CitationKuper, Julie L. (2023). Weaving culture with consequence: Immigrant status and child maltreatment outcomes in early adulthood. Child Abuse and Neglect. vol. 146
AbstractBackground: Child maltreatment is associated with a host of negative consequences over the life course, the most concerning of which is violence. Nevertheless, many abused and neglected youth do not grow up and commit violence. Meanwhile, research consistently finds an immigrant paradox, where foreign-born nativity is protective against a range of negative life outcomes. It may be that immigrants to the U.S. are more resilient to child maltreatment and less likely to engage in violence later in life.
Objective: This study contributes to the literature on victimization and the immigrant paradox by determining whether the effect of child maltreatment on later violence varies between immigrants and non-immigrants. Participants and setting The present study uses a subsample of 964 foreign- and 12,808 native-born persons from Waves I and III of the National Longitudinal Study of Adolescent to Adult Health.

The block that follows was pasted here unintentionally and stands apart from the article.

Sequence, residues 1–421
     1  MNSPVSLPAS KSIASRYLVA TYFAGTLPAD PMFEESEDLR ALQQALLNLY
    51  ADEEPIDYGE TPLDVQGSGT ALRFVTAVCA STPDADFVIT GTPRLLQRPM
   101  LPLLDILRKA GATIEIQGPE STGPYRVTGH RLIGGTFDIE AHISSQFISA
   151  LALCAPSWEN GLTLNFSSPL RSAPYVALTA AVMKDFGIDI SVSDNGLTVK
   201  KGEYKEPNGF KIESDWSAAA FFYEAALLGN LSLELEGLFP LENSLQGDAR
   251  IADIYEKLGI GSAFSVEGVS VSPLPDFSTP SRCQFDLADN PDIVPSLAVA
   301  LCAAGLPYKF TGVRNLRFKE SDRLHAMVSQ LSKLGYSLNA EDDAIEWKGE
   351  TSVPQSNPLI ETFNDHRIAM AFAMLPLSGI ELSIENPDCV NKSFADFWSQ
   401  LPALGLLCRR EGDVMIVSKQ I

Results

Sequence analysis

Methods: Logistic regression models are specified and interaction terms are used to determine moderating effects of immigrant status on the link between child maltreatment and later violence. Results Findings indicate that child maltreatment significantly increased the odds of violent behavior in early adulthood by nearly 64 %, and this result was not moderated by immigrant status. Supplemental analyses continued to show generality in maltreatment effects.
Conclusions: The idea that child maltreatment is less harmful among foreign-born persons, or that they are able to “bounce back” from this form of victimization due to their unique multicultural assets, is not evidenced here. Key policy implications include a need for culturally competent victim services.